Filipino culture

‘Pandemya’ is Sawikaan Word of the Year 2020

JC Gotinga
‘Pandemya’ is Sawikaan Word of the Year 2020
This one word brought forth many others that are now constantly on people's lips, like 'social distancing' and 'contact tracing,' and gave old words like 'virus' and 'testing' new meaning

What word best encapsulates the common Filipino experience this year?

Presenters at Sawikaan 2020: Edisyong Pandemya (Pandemic Edition) put forward terms that, before March this year, were very rarely on Filipinos’ lips, if at all. Some were not even coined before then.

“Ayuda,” “blended learning,” “contact tracing,” “quarantine,” “social distancing,” “testing,” “virus,” and “webinar” were 8 of the top 10 “Salita ng Taon” (Words of the Year) selected by the Filipinas Institute of Translation based on the best entries – with abstract explanations – that came in after a public callout in August.

“2020” itself is one of the top 10, for being the name of the year humanity will be talking about for a long time, and will probably never forget.

But the one word that put all these other words in people’s mouths – new terms and old ones that have taken on new meanings – is already in the title of the event, for very obvious reasons: “pandemya” (pandemic).

“Pandemya” is Sawikaan’s Salita ng Taon (Word of the Year) for 2020.

“Sa tingin ko, ito ‘yung pinakamalaking salita na may pinakamakabuluhang kahulugan, na sa tingin ko ay nararapat talagang maipaliwanag sa mga tao kung ano talaga ang kalikasan at katangian ng isang pandemya, dahil napakalaki ng epekto nito sa mundo,” said Zarina Joy Santos, whose paper defending “pandemya” as the word of the year bested the other 9.

(In my opinion, this is the biggest word with the most relevant meaning, which I think should be explained to the people as to the nature and characteristics of a pandemic, because it has a huge impact on the world.)

Many Filipinos didn’t seem to know what a pandemic was until it hit the country in March, Santos said. Filipinos hardly ever Googled “pandemya” or “pandemic” before COVID-19, she added.

Santos said she also pushed for “pandemya” to be the country’s word of the year for 2020 to help get Filipinos to take the COVID-19 pandemic seriously, and to prepare for future pandemics, because they are bound to happen.

Although the 9 other presenters defended their “words of the year” excellently, “pandemya” is the “root cause” of the other words making the shortlist, the “mother” of all the other entries, said Santos.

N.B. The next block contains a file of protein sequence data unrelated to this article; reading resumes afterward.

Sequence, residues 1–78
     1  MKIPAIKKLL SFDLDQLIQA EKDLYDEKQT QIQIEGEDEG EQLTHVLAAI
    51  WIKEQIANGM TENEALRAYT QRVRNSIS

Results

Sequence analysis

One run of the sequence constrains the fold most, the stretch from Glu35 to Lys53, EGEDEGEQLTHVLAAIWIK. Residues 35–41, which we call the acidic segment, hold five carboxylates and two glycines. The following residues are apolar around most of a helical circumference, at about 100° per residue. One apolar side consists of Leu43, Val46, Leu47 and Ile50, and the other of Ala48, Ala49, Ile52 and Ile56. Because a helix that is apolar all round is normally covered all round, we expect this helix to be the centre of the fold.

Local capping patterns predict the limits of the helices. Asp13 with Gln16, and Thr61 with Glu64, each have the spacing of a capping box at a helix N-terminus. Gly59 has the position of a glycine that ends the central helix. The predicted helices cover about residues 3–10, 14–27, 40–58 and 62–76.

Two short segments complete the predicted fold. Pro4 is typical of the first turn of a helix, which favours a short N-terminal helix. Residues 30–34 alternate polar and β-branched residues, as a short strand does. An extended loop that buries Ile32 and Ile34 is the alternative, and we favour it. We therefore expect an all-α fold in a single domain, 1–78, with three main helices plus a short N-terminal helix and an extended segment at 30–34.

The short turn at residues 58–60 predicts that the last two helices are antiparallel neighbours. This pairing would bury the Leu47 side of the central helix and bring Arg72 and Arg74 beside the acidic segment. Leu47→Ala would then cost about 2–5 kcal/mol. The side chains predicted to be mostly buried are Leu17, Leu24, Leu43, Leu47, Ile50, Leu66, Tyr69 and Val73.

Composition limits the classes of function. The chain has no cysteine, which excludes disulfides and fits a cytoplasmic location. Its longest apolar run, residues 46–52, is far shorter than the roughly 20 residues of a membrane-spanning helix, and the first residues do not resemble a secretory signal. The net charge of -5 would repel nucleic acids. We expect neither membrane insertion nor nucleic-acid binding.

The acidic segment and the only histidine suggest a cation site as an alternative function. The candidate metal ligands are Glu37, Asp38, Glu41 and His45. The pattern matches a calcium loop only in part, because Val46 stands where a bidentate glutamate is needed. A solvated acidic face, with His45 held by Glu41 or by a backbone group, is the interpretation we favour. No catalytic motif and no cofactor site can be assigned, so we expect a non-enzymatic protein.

Second place: ‘Social distancing’

“Social distancing” came in second. Yol Jamendang, the term’s presenter, described the misery social distancing is causing many people, himself included, and how it embodies the authorities’ ineptitude in addressing the pandemic.

Ang dapat itakwil at layuan ay ‘yung mga lideratong palpak, at hindi ang isa’t isa (What we should disown and shun is inept leadership, and not one another),” Jamendang said.

Third place: ‘Contact tracing’

“Contact tracing” placed third. Its presenter Romeo Peña highlighted how the term took on a meaning unique to the Philippine context. He associated it with red-tagging and Oplan Tokhang under the Duterte administration.

“Tokhang” was Sawikaan’s Salita ng Taon in 2018.

On a lighter note, Peña noted how Filipinos joked about how they thought “tsismosas” or neighborhood gossips would make good contact tracers.

The presenters defended the words in the top 10 with full-on research papers. The institute judged the competition based on these papers.

National Artist for Literature Virgilio Almario, founder of the Filipinas Institute of Translation, said not all entries to this year’s Sawikaan were pandemic-related, but the institute wanted to focus on the pandemic because, undoubtedly, it defined 2020 not just for Filipinos, but for humanity itself. –

Editor’s Note: An earlier version of this article said “contact tracing” placed second while “social distancing” came in third. We have corrected this article by inverting these rankings.

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JC Gotinga

JC Gotinga often reports about the West Philippine Sea, the communist insurgency, and terrorism as he covers national defense and security for Rappler. He enjoys telling stories about his hometown, Pasig City. JC has worked with Al Jazeera, CNN Philippines, News5, and CBN Asia.